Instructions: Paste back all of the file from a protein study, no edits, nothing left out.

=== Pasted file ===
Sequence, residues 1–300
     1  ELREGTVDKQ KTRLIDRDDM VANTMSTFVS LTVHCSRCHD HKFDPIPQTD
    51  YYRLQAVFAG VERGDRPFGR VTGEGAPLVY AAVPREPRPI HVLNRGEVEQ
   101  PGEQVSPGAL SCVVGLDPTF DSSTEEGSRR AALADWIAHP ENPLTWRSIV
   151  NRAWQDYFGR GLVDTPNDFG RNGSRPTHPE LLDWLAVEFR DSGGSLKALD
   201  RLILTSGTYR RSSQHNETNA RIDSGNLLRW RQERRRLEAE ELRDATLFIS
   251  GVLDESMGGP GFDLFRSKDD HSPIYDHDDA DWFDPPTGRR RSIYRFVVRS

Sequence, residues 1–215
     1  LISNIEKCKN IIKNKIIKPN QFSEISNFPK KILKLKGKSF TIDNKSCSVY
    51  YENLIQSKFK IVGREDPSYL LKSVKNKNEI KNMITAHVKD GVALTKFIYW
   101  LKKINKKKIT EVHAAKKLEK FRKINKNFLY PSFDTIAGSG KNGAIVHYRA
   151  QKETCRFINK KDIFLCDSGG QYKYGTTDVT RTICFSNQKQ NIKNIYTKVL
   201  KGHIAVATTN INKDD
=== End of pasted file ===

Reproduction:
Sequence, residues 1–300
     1  ELREGTVDKQ KTRLIDRDDM VANTMSTFVS LTVHCSRCHD HKFDPIPQTD
    51  YYRLQAVFAG VERGDRPFGR VTGEGAPLVY AAVPREPRPI HVLNRGEVEQ
   101  PGEQVSPGAL SCVVGLDPTF DSSTEEGSRR AALADWIAHP ENPLTWRSIV
   151  NRAWQDYFGR GLVDTPNDFG RNGSRPTHPE LLDWLAVEFR DSGGSLKALD
   201  RLILTSGTYR RSSQHNETNA RIDSGNLLRW RQERRRLEAE ELRDATLFIS
   251  GVLDESMGGP GFDLFRSKDD HSPIYDHDDA DWFDPPTGRR RSIYRFVVRS

Sequence, residues 1–215
     1  LISNIEKCKN IIKNKIIKPN QFSEISNFPK KILKLKGKSF TIDNKSCSVY
    51  YENLIQSKFK IVGREDPSYL LKSVKNKNEI KNMITAHVKD GVALTKFIYW
   101  LKKINKKKIT EVHAAKKLEK FRKINKNFLY PSFDTIAGSG KNGAIVHYRA
   151  QKETCRFINK KDIFLCDSGG QYKYGTTDVT RTICFSNQKQ NIKNIYTKVL
   201  KGHIAVATTN INKDD